Differentiated Supervision:

Growing Teachers and Getting Results

By Ann Mausbach and Kim Morrison (Corwin, 2023)

S.O.S. (A Summary of the Summary)

The main ideas of the book:

  • Just as students benefit from teaching that addresses their specific needs, teachers thrive with supervision that is individualized and targets their unique concerns and challenges.
  • By expanding their approach to supervision, school leaders can grow strong teachers while simultaneously achieving whole-school improvements that benefit students.

Why I chose this book:

Supervision is incredibly important. It’s how we help teachers grow and develop, and in turn it is how we improve our schools and help students learn. Most school leaders I work with know it’s important, but so often I see them doing just one thing, that same old thing: one-on-one supervision. This type of supervision has its place, but it’s time consuming (one principal supervising dozens of teachers) and, often, it’s not that effective in terms of nurturing real growth. In many schools, supervision is desperately in need of rejuvenation.

Differentiated Supervision will help you build a synchronized, whole-school approach to supervision. In this new system, one-on-one supervision is bolstered by new ways of giving feedback – to small groups and even to the whole staff. Getting an entire faculty working toward practical improvements together can generate energy and synchronicity that one-on-one interactions never could. The supervision process has the potential to be powerful. It’s time to think outside the checklist and bring new life to supervising.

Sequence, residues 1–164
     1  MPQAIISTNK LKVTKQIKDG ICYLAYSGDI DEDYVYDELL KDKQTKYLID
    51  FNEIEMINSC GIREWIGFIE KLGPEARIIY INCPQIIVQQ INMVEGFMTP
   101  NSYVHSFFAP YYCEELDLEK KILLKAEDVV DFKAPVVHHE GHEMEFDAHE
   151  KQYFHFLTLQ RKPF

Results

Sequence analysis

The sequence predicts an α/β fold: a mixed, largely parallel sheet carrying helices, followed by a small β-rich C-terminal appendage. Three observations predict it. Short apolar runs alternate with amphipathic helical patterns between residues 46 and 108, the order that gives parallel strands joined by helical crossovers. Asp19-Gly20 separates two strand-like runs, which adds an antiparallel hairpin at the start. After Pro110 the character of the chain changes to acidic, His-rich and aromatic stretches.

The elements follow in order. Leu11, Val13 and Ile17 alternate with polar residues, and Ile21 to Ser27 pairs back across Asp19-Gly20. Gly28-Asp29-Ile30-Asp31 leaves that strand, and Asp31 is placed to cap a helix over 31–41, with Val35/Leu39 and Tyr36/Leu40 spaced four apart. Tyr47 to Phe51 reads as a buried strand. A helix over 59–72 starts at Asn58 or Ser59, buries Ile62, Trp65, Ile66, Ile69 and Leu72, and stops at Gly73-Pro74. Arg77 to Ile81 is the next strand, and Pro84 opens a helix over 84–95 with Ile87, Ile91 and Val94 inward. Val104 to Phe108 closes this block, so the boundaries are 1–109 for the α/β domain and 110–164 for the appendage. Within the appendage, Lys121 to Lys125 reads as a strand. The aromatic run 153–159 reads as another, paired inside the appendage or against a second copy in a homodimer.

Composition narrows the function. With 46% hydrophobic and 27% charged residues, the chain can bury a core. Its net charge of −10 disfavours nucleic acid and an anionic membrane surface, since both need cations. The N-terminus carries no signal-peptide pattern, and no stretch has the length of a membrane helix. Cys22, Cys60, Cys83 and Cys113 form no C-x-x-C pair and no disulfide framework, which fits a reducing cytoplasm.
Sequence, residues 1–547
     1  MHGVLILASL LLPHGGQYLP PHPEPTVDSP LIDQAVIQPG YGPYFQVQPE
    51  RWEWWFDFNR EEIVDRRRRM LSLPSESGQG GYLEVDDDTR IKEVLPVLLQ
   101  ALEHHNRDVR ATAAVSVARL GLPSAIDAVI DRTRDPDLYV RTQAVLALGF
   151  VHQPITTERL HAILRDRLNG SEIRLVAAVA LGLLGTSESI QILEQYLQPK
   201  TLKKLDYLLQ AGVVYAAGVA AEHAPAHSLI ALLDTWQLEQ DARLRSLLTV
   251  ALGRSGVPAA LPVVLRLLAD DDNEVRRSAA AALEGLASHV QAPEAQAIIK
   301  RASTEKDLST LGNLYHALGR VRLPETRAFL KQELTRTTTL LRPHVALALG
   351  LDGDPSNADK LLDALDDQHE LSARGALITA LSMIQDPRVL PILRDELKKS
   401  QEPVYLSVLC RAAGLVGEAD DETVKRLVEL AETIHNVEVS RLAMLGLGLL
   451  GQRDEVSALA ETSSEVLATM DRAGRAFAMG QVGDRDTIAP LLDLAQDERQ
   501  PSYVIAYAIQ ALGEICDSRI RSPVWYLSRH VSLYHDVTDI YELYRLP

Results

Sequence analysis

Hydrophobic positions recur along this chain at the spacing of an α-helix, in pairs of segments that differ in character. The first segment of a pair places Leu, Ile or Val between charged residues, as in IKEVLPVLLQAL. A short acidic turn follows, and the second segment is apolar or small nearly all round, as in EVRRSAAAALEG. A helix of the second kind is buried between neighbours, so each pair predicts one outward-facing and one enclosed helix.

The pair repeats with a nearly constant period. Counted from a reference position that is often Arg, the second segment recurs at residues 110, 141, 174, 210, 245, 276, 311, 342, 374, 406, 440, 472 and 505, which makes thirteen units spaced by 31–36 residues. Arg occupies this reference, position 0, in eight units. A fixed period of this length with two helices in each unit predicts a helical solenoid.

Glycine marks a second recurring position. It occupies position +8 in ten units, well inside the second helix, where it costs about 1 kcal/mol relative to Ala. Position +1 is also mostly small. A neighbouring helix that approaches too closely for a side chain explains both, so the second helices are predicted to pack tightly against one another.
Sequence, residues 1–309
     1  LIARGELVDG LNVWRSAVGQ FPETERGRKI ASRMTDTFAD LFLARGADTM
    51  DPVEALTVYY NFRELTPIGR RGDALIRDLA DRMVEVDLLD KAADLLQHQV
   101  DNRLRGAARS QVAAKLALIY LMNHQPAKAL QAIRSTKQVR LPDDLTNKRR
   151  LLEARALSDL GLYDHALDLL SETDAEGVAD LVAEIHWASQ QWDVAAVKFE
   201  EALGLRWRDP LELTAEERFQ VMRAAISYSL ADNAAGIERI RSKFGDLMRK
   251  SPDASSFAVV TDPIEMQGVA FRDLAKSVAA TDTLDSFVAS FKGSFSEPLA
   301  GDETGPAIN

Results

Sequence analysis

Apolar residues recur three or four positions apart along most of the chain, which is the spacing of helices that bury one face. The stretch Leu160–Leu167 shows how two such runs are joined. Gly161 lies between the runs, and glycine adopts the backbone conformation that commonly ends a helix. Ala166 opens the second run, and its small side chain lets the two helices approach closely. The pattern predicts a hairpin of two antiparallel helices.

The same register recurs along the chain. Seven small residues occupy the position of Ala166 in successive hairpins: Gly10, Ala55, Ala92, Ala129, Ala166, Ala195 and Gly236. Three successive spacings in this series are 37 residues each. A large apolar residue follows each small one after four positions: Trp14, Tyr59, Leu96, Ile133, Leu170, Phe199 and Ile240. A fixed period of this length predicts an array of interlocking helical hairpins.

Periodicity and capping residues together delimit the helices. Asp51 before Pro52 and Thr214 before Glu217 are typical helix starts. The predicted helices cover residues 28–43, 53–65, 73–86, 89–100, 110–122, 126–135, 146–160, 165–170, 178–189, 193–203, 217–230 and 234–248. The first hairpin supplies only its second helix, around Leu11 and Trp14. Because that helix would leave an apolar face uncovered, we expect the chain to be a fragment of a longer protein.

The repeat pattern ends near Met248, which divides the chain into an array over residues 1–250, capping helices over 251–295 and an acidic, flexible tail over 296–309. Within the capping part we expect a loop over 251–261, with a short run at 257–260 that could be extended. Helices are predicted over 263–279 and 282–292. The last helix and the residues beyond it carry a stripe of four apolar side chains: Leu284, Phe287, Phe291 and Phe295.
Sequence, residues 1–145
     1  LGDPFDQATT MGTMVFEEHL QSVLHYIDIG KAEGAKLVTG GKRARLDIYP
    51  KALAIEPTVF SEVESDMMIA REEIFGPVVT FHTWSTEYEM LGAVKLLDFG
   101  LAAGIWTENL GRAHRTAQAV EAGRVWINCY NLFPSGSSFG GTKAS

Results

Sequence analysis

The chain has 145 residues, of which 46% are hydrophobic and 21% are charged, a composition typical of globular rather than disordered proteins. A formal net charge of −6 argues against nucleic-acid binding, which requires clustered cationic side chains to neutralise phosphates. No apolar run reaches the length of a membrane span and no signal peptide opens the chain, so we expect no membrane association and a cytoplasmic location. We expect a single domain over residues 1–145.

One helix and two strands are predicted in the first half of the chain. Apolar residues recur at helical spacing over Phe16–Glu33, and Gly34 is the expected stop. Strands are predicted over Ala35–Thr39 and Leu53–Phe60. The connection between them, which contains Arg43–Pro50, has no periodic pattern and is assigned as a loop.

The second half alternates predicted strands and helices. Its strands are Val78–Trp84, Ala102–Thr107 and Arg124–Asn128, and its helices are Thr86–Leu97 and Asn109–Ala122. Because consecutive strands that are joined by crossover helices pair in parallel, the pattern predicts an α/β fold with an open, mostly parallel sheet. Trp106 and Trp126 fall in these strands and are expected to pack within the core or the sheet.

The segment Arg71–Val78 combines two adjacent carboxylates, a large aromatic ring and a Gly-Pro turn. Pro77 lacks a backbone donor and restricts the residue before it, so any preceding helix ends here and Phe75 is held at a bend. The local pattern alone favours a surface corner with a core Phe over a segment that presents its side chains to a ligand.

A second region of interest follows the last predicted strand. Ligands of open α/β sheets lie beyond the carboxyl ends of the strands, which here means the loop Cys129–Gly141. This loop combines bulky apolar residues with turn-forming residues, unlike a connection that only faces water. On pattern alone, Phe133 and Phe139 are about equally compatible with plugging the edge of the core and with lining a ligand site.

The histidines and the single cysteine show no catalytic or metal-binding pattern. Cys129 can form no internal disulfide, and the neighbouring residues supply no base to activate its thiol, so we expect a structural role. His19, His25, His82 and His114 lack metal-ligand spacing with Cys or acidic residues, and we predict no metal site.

The Scoop (In this summary you will learn…)

  •   An expanded view of the potential power of supervision
  •   Methods for incorporating supervision seamlessly into school-wide goal-setting and professional development
  •   A new and more targeted approach to supervising individuals and teams, differentiating based on teacher needs
  •   How to meet your district’s supervision requirements while also helping teachers improve more effectively than before
  •   The four essential elements of differentiated supervision
  •   The Main Idea’s PD suggestions for expanding and targeting your supervision of teachers

Introduction – What is Differentiated Supervision?

Too often, supervision is an uncomfortable process for everyone involved. The teachers are nervous and feel pressured to act like everything’s going smoothly during observations. Then they receive the follow-up feedback agreeably so they can just get on with their teaching. Principals rush from one classroom to the next trying to complete the required observations during the prescribed timeframe and hoping that the feedback they’re giving will somehow translate into improved teaching practices and student outcomes. Spoiler alert: It probably won’t.

There are simply too many teachers for you to supervise everyone effectively using one-on-one supervision alone. On the other hand, teachers’ needs and strengths vary widely, so a one-size-fits-all approach, won’t work either. It’s time to improve what we do for supervision so leaders can truly grow thriving and effective teachers in a thriving and effective school.

The new approach described in this book broadens the reach of supervision and expands it across multiple tasks and activities leaders and teachers engage in. When supervision grows away from just one-on-one or just rubric-based, to something more comprehensive, it becomes more effective, too.